Alternative splicing of the AR gene leads to the synthesis of C-terminal truncated AR-splice variants which lack the AR ligand-binding domain. This has been shown to be as an important mechanism for the development of resistance to anti-androgens or androgen-deprivation therapy in castrate-resistant or recurrent PCa (50). Our real-time PCR analyses for the most important or commonly occurring AR variants (e.g., AR-V1, AR-V4, AR-V7/AR3, AR v567es) did not show any detectable expression in E006AA-Par and E006AA-hT cell lines.

Availability of the well-characterized AA-derived low-tumorigenic E006AA-Par cell line and its isogenic and highly tumorigenic and aggressive subline will serve as a unique in vitro cell-based model system and resources for basic and translational research in the context of racial health disparities.

Supplementary Material

Attachment Additional File 1 

Supplementary Figure 1 and Supplementary Table 1.

Acknowledgements

This work was supported by the National Institute of Minority Health and Health Disparity grants (R01MD005824 and R21CA183892 to S.K.) and National Cancer Institute grant (P30 CA016056 to Roswell Park Cancer Institute). The content is solely the responsibility of the authors and does not necessarily represent the official views of the National Institutes of Health, National Cancer Institute, or National Institute for Minority Health and Health Disparities. We thank Ms. Paula Jones for editorial assistance.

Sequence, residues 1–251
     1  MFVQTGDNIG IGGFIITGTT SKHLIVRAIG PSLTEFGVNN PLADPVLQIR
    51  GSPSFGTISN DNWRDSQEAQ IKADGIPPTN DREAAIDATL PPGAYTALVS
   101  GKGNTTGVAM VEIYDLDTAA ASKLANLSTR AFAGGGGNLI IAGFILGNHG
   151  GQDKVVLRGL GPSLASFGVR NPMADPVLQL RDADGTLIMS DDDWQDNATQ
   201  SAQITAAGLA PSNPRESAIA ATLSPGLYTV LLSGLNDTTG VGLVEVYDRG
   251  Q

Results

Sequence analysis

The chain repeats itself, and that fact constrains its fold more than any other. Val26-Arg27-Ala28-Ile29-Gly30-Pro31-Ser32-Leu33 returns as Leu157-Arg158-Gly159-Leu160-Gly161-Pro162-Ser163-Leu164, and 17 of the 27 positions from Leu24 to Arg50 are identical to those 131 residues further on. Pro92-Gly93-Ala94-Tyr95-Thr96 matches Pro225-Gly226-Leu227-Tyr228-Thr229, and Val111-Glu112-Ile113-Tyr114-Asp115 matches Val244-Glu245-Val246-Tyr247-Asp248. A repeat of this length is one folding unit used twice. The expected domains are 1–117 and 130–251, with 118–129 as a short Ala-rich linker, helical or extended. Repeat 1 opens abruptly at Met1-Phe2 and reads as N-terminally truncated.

Competing Interests

The authors have declared that no competing interest exists.

References

1. Jemal A, Bray F, Center MM. et al. D. Global cancer statistics. CA Cancer J Clin. 2011;61:69-90

2. Siegel R, Ma J, Zou Z. et al. Cancer statistics, 2014. CA Cancer J Clin. 2014;64:9-29

3. Siegel R, DeSantis C, Virgo K. et al. Cancer treatment and survivorship statistics. CA Cancer J Clin. 2012;62:220-241

4. DeSantis C, Naishadham D, Jemal A. Cancer statistics for African Americans. CA Cancer J Clin. 2013;63:151-66